Cold, wet weather delays lucrative peony harvest in Southcentral Alaska

A woman stands in a field of peony bulbs.
Martha Lojewski stands in between rows of peony bulbs at her farm near Willow on July 7, 2023. (Tim Rockey/Alaska Public Media)

Martha Lojewski looked out over nearly an acre of peonies at her farm just north of Willow, Mt. McKinley Peonies. Thousands of round, green buds stood between 3 and 4 feet tall, and that’s a problem.

“It’s cold, wet, gray, miserable,” Lojewski said. “To be three weeks later than last year is not something that anybody ever predicted for this year. We thought maybe 10 to 14 days later, but not 21.” 

In a typical year, the field is filled with Elsa Sass peony flowers, not rounded bulbs that have yet to bloom. 

Lojewski manages sales for the Alaska Peony Cooperative, a group of six farms that ship and sell about 50,000 stems per year. In a typical season, the first harvested blooms would be used in weddings by early July. But the first order shipped just this week, far behind schedule.

“Even until like May, I was booking orders to ship on July 5, and then it just stayed cold, it stayed wet,” Lojewski said. “Our plants were just not maturing, they weren’t coming out of the ground. We had a late snow melt. Of course, we had lots of snow this winter, so it’s just like one factor after another was compounding on the delayed start to the season.”

Lojewski is not alone. For Southcentral Alaska, cold and wet weather has put a damper on the start to summer, which is the region’s coldest since 2008. Lojewski said that Alaska Peony Cooperative farms only began harvesting last week, three weeks behind schedule. One member of the co-op had to get flowers from Fairbanks to fill an order. She said that means tens of thousands of dollars in lost revenue already this summer. 

peony buds
Late blooming peony buds on July 7, 2023. (Tim Rockey/Alaska Public Media)

Lojewski’s neighbor and co-op member Kathleen Wood said her plants are also weeks behind schedule. 

“My plants are looking healthy and wonderful. They’re just not ready yet. So unfortunately, we’re just disappointing a lot of brides,” Wood said. “That’s just crazy, because I usually start towards the end of June on my early variety.”

Wood said that the extra precipitation has changed the color on some of her flowers, adding a pink blush to petals that are typically white. Alaska has about 200 commercial peony growers, many of which started producing about a dozen years ago.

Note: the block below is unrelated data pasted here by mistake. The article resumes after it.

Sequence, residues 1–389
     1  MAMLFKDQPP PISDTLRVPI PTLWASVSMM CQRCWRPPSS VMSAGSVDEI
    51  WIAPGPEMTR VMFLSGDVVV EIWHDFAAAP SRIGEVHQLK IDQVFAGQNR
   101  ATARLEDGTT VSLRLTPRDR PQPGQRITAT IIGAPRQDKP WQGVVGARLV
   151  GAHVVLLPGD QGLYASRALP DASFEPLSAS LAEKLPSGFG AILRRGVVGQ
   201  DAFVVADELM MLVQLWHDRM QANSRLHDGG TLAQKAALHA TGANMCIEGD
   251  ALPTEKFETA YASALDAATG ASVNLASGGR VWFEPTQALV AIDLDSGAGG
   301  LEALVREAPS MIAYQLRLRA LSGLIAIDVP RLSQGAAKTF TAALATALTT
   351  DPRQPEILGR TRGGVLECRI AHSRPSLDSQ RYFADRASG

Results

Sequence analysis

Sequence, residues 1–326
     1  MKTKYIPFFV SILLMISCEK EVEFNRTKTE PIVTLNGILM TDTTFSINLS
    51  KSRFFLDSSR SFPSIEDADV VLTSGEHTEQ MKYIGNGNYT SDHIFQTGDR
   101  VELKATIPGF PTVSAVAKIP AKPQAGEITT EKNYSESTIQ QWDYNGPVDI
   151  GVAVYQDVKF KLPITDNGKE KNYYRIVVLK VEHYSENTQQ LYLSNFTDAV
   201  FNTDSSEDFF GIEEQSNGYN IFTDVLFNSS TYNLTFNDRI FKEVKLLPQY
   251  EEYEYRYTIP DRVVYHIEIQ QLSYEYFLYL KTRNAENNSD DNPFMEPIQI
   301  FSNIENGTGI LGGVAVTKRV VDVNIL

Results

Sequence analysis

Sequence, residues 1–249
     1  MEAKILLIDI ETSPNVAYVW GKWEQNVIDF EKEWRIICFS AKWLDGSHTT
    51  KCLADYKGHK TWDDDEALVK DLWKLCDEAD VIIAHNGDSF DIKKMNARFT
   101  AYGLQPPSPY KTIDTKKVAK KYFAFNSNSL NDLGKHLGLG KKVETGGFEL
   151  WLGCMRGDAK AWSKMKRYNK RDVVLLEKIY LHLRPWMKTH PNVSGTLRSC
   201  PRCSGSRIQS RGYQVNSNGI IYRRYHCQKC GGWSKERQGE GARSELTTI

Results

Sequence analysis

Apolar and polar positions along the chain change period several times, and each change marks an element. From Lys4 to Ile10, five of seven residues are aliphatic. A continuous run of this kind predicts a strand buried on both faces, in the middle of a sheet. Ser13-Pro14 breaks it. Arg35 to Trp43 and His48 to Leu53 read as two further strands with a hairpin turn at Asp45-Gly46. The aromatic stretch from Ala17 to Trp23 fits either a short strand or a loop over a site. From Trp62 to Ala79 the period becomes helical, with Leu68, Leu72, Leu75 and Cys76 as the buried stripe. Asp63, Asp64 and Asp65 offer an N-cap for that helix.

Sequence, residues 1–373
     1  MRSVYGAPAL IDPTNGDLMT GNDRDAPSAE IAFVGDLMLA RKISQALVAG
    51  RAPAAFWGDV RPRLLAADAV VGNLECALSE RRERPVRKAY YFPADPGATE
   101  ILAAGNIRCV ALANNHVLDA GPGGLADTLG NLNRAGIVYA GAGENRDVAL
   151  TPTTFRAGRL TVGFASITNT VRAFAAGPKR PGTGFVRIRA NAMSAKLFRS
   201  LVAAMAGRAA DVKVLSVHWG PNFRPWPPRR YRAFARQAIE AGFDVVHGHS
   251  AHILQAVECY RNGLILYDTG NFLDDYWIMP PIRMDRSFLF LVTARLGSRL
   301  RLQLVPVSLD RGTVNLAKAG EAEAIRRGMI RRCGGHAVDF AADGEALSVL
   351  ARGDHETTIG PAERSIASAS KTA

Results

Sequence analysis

Michael Williams and his wife own Eaglesong Lodge near Skwentna. They started growing peonies in 2009 after invasive northern pike knocked out the salmon population near the lodge, where they would guide fishing trips. 

“Alaska has so many microclimates that are conducive to peonies, and basically that’s how the industry has started and that’s how we have progressed,” Williams said. 

The long summer days and cold winter temperatures in the state make Alaskans the only farmers in the world that can produce fresh peonies during the summer months. 

Peony farms in Holland typically quit producing in July. 

But Williams said this year is different. He’s had to cancel the first two weeks of orders, most of which were headed to the Lower 48. 

“We can only handle the weather, oh, I don’t know, maybe another couple of weeks. And we’re in uncharted territory right now, we’ve not had such a late season before,” Williams said. “We’re hoping we’re not going to get cheated out of our summer. We endured that winter to get to this point and it seems like summer hasn’t arrived yet.”

Peony farmers in Interior Alaska are faring better though. And some Southcentral growers have reached out to Interior farmers to help fill their orders. Dave Russell and his wife started Boreal Peonies in Two Rivers in 2012, and have become the largest producer in the state, producing approximately 100,000 stems each year.

“We’re now basically the only player in the game until New Zealand starts and Chile starts in October. And so this year, the window, we’ve hit the window perfectly,” Russell said. “Our flowers are recognizable anywhere just because they’re big, and they’re intensely colored, and I think that’s, you know, due to the short, intense spring and summer that they’re grown in.”

Russell said that temperatures on sunny days have stayed around 70 degrees, just cool enough not to overheat his flowers. He said the weather in the Interior has actually helped his plants grow bigger and brighter than ever before. Russell thinks that, ultimately, the weather will benefit Southcentral peony producers later in the season.

“By mid to late July, there is nothing available except what comes out of Alaska,” Russell said. “And so if it’s cooler, which it is down there — I know they’re two to three weeks behind this year — it’s absolutely in their best interest, because there is no other competition that’s out and about at that point.”

Russell said that in recent years, soot from nearby wildfires has plagued his flowers with fungus and mold. Last year, Russell said he lost over a quarter of his plants during a hail storm. 

“If I’ve learned nothing else in farming up here, no year is average,” Russell said. 

Tim Rockey is the producer of Alaska News Nightly and covers education for Alaska Public Media. Reach him at or 907-550-8487. Read more about Tim here

Previous articleMembers of Alaska’s child care task force raise concerns about staffing, cost and licensing issues
Next articleAlaska News Nightly: Wednesday, July 12, 2023